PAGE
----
Ms. Sax is a freelance writer based in Chevy Chase, Md.
The call to community service is a serious commitment to Matthew Sapko, this month's RESPy Award winner. "Community service is something that my parents instilled in me," said Sapko, now in his third year at the University of Pittsburgh School of Pharmacy. "As a profession, as pharmacists, sometimes [we] do not advocate public health care as much as we could. I want to set an example to create a culture of care for our profession."
A career in pharmacy was attractive to Sapko because it offered him new ways to serve his community. "Pharmacy is a health care profession, but you are not on call and patients do not have to make an appointment to see you," he said. "It also allows me to continue to be involved in volunteerism— something that will always be central to my life."
Patricia Dowley Kroboth, PhD, dean and professor at the University of Pittsburgh School of Pharmacy, said that Sapko "consistently participates in numerous public health?related activities that focus on the pharmacy profession and often involve collaborative efforts with other health care professionals."
As a recipient of the Paul Ambrose Scholars Program, Sapko is working a program that identifies patients at risk for osteoporosis through bone density screenings at community pharmacies, events, and clinics for underserved patients. At-risk patients are then referred to physicians and pharmacies for medication therapy management sessions and education on risk factors, treatment, and prevention. "The most valuable experience for me is when you can interact with others," said Sapko. "In the case of osteoporosis, prevention is very important, so we can really help these underserved patients."
Sapko's ability to get things done was evidenced by his recent success co-chairing the Phi Lambda Sigma (the National Pharmacy Leadership Society) Annual Auction to benefit Rx Council—an event that raises funds to help under- and uninsured patients to purchase medication. Under Sapko's leadership, a record number of students attended the event and nearly doubled the amount raised from the previous year. Dr. Kroboth said that much of the event's success can be attributed to Sapko's enthusiasm and commitment to the project.
That commitment extends to activities outside the classroom. Sapko regularly volunteers his time at a clinic for underserved patients. He also is currently helping to develop a smoking cessation project focusing on the student population of the university.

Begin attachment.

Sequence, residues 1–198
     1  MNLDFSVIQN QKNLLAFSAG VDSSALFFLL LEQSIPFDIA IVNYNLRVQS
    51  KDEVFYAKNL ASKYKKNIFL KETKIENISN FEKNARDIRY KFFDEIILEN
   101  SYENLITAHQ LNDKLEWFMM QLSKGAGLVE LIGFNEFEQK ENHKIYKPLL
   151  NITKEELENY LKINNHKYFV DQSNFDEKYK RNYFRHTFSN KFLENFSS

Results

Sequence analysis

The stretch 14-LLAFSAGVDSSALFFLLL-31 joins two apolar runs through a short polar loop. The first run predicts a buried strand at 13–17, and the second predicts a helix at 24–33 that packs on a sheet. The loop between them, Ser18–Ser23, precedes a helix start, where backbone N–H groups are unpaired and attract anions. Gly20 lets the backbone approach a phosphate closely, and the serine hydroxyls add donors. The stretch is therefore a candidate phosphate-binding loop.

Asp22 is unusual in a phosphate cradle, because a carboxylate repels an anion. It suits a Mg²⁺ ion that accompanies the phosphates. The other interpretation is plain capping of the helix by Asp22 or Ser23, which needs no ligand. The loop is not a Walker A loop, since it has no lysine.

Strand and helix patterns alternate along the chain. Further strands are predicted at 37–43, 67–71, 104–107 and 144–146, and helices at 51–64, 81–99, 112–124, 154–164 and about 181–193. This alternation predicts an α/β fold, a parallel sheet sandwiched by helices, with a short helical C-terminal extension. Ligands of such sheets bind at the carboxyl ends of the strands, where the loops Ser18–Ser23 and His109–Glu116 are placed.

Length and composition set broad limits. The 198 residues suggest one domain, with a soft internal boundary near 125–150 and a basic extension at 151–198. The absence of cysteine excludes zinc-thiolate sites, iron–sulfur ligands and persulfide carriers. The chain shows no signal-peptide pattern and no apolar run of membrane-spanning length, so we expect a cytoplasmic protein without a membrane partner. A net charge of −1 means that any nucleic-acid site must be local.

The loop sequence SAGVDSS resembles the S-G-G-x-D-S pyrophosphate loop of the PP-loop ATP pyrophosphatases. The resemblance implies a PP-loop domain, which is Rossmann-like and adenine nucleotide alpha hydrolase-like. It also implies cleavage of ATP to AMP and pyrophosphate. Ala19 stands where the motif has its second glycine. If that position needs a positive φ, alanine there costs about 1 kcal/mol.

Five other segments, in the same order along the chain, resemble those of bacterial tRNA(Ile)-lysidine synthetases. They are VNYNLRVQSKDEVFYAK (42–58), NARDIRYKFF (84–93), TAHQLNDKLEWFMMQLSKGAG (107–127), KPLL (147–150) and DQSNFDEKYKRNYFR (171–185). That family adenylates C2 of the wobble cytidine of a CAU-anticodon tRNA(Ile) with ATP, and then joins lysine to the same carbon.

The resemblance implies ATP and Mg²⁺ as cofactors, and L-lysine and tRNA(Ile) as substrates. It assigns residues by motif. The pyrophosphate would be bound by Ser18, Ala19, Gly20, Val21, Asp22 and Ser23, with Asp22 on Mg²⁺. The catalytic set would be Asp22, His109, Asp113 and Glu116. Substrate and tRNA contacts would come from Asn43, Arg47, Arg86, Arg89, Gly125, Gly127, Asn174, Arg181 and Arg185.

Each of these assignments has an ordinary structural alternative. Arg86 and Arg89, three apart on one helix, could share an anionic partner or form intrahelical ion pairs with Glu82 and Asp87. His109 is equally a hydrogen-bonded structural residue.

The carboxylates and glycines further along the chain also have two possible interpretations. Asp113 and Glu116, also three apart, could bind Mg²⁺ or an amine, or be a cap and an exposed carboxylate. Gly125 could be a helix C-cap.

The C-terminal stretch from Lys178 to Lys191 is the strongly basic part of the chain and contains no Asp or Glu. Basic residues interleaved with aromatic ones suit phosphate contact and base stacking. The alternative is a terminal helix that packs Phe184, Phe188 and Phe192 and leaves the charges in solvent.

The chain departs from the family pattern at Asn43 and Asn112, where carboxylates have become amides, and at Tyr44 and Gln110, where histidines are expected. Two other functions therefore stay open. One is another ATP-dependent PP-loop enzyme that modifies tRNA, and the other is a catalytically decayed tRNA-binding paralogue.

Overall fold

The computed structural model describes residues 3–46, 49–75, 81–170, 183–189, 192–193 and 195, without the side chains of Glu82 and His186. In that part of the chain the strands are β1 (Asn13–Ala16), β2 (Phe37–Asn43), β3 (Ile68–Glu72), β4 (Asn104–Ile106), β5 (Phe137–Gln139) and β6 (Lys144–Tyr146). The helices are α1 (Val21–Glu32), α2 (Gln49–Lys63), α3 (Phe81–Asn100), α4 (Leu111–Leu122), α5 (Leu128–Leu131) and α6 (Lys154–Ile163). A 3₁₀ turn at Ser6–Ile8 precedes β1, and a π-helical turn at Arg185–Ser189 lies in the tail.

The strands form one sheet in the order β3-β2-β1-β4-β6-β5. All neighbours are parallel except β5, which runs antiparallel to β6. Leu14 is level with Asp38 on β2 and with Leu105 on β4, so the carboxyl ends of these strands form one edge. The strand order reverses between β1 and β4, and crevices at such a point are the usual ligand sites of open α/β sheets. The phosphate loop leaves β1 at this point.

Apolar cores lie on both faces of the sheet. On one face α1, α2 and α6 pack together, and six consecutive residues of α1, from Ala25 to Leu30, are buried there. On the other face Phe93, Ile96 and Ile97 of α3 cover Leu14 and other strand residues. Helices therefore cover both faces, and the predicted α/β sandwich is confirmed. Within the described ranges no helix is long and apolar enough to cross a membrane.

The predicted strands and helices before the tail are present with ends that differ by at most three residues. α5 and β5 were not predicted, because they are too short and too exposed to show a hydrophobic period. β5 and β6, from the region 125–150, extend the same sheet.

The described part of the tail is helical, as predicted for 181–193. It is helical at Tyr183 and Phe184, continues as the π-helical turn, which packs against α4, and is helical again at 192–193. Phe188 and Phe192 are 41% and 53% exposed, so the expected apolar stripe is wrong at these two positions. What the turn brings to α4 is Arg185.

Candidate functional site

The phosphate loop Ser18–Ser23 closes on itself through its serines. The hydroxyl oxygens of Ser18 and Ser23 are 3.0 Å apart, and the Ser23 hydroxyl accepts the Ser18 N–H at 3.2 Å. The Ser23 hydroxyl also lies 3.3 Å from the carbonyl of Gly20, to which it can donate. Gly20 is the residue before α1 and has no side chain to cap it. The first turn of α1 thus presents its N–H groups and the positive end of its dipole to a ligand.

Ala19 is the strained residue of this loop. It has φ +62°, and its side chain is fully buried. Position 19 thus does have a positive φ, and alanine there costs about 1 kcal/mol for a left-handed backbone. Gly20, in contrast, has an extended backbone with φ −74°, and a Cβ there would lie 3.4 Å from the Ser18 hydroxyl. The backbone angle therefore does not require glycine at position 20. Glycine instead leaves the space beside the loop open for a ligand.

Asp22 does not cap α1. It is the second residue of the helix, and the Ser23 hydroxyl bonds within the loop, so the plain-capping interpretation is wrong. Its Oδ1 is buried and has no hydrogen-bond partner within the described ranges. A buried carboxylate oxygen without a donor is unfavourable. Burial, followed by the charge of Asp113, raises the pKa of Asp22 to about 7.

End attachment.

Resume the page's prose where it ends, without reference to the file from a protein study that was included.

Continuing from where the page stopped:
"In addition to his intense commitment to serve others, he has a remarkable ability to organize and motivate his fellow students to participate. Not only does Matthew engage in numerous volunteer activities, but he does them well, usually going above the call of duty, regardless of whether he is the leader or a participant," said Dr. Kroboth.
Sapko said that when he involves friends in his efforts, everyone benefits. "I volunteer at a family house that offers affordable housing for families of patients being treated at the university's medical center. It is easy to get bogged down in trivial things, but when you go there and see people with serious problems who are so thankful for your help, these are the experiences that mean the most to me," he said.
The University of Pittsburgh School of Pharmacy is a national leader in preparing students for opportunities in pharmacy practice, research, and education. The school's innovative curriculum integrates science and practice, emphasizes student-centered learning, and gives students comprehensive preparation for pharmacy practice in any setting they choose.
Chartered in 1878, the school is affiliated with the internationally renowned University of Pittsburgh Medical Center. The School of Pharmacy, a leader in research, is made up of 4 centers, with initiatives ranging from patient-care outcomes and human clinical research to research in molecular genetics.
With its 4-year PharmD program, the School of Pharmacy is on the forefront of the profession, offering professionally and technologically advanced methods of instruction delivery. The school also offers a Pharmacy PhD program and 12-month postgraduate pharmacy residency training programs.
One study linked multiple pregnancies to an increased risk of developing atrial fibrillation later in life, and another investigated the association between premature delivery and cardiovascular disease.
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